Shameless Baseball Love

I play fantasy baseball. In some ways, I’m embarrassed to admit it. I recall being teased for this on more than one occassion when I first started playing these games over 10 years ago. However, I think I’m in good company today. The Fantasy Sports Trade Association (FSTA) has estimated the number of individuals playing fantasy sports in the US and Canada at over 41 million. While I’m not confident that the FSTA is an unbiased party, I think that the figure is in the general ballpark (heh…get it?) of being correct.

Regardless, I’m through defending myself. A couple of weeks ago, I drafted my players for my two teams. In doing so, I spent some time trying to create my own projections for how individual players were going to do. There are a variety of ways to obtain predictions for how individual players will do for the upcoming season. The website Fangraphs includes a handy feature which allows you to download csv files of their projections. They include projections from the ZIPS, and STEAMER projection systems, as well as projections collected from site users who choose to offer up predictions for players.

As Nate Silver famously demonstrated, taking an aggregate of multiple predictions is much better than looking at any individual one. Thus, I attempted to create a projection from a relatively simple combination of these projections.

In some ways, it worked out pretty well. Here are the top pitchers spat out by my system, the index I used to rank them (higher is better) and their predicted stats.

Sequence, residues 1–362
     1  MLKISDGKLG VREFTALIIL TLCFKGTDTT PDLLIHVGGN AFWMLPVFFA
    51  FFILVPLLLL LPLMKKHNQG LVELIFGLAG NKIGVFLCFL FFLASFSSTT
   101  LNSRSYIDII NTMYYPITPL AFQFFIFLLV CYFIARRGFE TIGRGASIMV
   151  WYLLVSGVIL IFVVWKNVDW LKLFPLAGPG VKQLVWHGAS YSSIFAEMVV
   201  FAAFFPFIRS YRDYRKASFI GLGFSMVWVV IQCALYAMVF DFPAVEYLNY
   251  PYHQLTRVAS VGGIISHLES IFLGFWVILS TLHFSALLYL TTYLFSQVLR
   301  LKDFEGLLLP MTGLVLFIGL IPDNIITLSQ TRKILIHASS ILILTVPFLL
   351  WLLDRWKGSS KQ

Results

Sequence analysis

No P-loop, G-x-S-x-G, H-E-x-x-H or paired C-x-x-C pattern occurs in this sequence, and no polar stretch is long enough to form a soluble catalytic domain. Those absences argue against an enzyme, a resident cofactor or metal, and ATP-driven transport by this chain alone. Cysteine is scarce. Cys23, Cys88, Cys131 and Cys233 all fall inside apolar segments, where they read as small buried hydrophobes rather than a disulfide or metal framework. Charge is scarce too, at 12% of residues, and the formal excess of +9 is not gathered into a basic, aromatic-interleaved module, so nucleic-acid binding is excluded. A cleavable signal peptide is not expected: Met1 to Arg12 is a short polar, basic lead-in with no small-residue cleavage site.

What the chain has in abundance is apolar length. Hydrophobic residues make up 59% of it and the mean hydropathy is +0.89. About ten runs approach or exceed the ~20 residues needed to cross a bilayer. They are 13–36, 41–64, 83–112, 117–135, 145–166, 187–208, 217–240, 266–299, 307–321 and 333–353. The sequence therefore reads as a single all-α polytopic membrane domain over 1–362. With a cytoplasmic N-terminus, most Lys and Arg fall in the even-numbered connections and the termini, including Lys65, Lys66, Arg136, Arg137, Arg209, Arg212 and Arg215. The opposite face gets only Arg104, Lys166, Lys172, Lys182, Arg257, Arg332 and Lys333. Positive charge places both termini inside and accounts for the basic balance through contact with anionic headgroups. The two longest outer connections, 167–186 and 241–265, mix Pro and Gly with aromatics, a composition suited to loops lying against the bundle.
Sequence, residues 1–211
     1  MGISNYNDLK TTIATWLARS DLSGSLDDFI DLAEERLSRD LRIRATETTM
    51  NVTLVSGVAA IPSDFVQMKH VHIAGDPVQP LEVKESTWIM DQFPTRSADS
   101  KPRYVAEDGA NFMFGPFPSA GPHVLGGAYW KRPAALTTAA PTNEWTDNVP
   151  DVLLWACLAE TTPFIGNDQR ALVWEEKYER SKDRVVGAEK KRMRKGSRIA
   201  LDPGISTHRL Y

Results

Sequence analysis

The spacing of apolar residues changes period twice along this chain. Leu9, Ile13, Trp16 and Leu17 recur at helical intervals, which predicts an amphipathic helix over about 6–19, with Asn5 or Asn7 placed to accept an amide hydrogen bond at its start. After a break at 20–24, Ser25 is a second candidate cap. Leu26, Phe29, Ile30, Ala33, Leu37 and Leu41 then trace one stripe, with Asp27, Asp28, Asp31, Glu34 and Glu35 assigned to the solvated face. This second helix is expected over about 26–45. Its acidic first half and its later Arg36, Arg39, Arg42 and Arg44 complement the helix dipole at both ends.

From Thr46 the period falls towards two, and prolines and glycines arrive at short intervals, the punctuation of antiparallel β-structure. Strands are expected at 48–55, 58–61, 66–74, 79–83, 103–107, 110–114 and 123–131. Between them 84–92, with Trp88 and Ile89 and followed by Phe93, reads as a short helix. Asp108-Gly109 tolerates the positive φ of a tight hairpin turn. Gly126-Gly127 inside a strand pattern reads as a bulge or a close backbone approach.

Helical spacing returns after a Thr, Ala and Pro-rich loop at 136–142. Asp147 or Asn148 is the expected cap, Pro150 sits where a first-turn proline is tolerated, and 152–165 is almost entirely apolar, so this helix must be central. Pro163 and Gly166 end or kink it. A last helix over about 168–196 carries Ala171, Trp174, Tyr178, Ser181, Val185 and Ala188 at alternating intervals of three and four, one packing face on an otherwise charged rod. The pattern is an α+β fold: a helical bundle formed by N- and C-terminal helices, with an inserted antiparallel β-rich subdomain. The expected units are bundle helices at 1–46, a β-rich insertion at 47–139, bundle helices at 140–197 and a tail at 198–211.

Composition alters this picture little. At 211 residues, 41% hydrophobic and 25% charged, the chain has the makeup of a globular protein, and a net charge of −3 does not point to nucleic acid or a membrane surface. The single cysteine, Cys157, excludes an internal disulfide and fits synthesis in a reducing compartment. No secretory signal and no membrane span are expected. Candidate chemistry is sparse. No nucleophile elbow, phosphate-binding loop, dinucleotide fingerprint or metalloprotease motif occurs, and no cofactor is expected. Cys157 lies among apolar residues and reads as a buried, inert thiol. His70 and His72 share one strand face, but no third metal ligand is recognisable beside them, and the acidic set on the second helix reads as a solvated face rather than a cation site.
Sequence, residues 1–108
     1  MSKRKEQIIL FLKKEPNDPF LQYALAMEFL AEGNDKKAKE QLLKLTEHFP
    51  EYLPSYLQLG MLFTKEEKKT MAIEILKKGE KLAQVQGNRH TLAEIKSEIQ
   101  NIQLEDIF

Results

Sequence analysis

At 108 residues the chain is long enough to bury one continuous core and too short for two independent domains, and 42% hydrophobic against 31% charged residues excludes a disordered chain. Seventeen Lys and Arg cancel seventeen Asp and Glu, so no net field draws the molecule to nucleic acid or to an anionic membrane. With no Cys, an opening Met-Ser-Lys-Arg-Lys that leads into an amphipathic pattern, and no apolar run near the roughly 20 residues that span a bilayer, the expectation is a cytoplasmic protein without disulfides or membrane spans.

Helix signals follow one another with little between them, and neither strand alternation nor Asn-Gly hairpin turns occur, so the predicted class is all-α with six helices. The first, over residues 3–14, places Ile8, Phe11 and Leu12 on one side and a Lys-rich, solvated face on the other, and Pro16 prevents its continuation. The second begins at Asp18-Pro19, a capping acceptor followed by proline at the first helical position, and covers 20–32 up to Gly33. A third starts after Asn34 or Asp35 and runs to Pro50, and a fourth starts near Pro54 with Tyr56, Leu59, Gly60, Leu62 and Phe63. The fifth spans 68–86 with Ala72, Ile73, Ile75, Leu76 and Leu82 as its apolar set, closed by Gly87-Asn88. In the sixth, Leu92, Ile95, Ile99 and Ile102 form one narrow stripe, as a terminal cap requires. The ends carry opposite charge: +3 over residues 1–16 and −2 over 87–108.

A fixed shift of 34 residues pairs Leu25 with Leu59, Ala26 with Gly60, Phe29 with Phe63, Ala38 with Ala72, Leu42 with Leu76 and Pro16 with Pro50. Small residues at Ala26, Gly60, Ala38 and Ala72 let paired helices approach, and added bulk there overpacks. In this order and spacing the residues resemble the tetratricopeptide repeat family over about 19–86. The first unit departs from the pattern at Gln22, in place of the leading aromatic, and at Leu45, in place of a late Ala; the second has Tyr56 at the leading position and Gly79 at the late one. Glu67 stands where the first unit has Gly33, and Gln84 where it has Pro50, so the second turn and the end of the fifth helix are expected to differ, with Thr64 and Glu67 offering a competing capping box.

This seems about right. However, to find the top reliever, we need to go way down to number 58.

How did this happen? Well, first let me say what the ranking logic is:

Where $PI$ is the performance index, and each term represents the standardized value of the average prediction from each projection system. $w.era$ and $w.whip$ are weighted by the ratio of $predicted innings/\mu_{predicted innings}$.

I should say that after the above calculations, I also standardized $PI$.

Just to illustrate the problem a bit better, here’s the distribution for the two pitcher types:

We can do the same for all the values which make up the index:

The first thing that struck me is that the ERA and WHIP calculations aren’t distributed as I would expect. I would certainly expect relievers to have a lower era and whip in general, but the distributions there almost don’t overlap at all. This suggests that my weighting formula needs some tweaking. I’ll present what I did next time.

Written on April 17, 2015